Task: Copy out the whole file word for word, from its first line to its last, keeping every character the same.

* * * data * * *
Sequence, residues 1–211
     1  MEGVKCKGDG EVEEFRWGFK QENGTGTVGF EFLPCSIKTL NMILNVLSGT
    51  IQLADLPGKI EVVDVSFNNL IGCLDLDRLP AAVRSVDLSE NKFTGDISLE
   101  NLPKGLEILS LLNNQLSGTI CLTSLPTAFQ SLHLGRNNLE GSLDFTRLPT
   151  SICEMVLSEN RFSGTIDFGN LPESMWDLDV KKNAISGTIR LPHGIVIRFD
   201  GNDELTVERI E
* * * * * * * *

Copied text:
Sequence, residues 1–211
     1  MEGVKCKGDG EVEEFRWGFK QENGTGTVGF EFLPCSIKTL NMILNVLSGT
    51  IQLADLPGKI EVVDVSFNNL IGCLDLDRLP AAVRSVDLSE NKFTGDISLE
   101  NLPKGLEILS LLNNQLSGTI CLTSLPTAFQ SLHLGRNNLE GSLDFTRLPT
   151  SICEMVLSEN RFSGTIDFGN LPESMWDLDV KKNAISGTIR LPHGIVIRFD
   201  GNDELTVERI E